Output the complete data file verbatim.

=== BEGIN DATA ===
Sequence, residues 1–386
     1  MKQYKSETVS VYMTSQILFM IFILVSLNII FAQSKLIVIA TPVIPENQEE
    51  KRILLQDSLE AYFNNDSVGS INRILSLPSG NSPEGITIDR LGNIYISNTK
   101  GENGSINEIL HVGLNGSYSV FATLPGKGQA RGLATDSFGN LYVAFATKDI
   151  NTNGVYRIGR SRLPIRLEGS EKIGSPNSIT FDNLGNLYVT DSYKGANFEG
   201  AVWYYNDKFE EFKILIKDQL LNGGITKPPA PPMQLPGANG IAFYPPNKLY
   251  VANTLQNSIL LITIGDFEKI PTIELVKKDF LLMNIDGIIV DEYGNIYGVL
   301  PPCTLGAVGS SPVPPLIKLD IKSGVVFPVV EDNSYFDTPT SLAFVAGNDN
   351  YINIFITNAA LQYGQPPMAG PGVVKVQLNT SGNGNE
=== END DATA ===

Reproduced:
Sequence, residues 1–386
     1  MKQYKSETVS VYMTSQILFM IFILVSLNII FAQSKLIVIA TPVIPENQEE
    51  KRILLQDSLE AYFNNDSVGS INRILSLPSG NSPEGITIDR LGNIYISNTK
   101  GENGSINEIL HVGLNGSYSV FATLPGKGQA RGLATDSFGN LYVAFATKDI
   151  NTNGVYRIGR SRLPIRLEGS EKIGSPNSIT FDNLGNLYVT DSYKGANFEG
   201  AVWYYNDKFE EFKILIKDQL LNGGITKPPA PPMQLPGANG IAFYPPNKLY
   251  VANTLQNSIL LITIGDFEKI PTIELVKKDF LLMNIDGIIV DEYGNIYGVL
   301  PPCTLGAVGS SPVPPLIKLD IKSGVVFPVV EDNSYFDTPT SLAFVAGNDN
   351  YINIFITNAA LQYGQPPMAG PGVVKVQLNT SGNGNE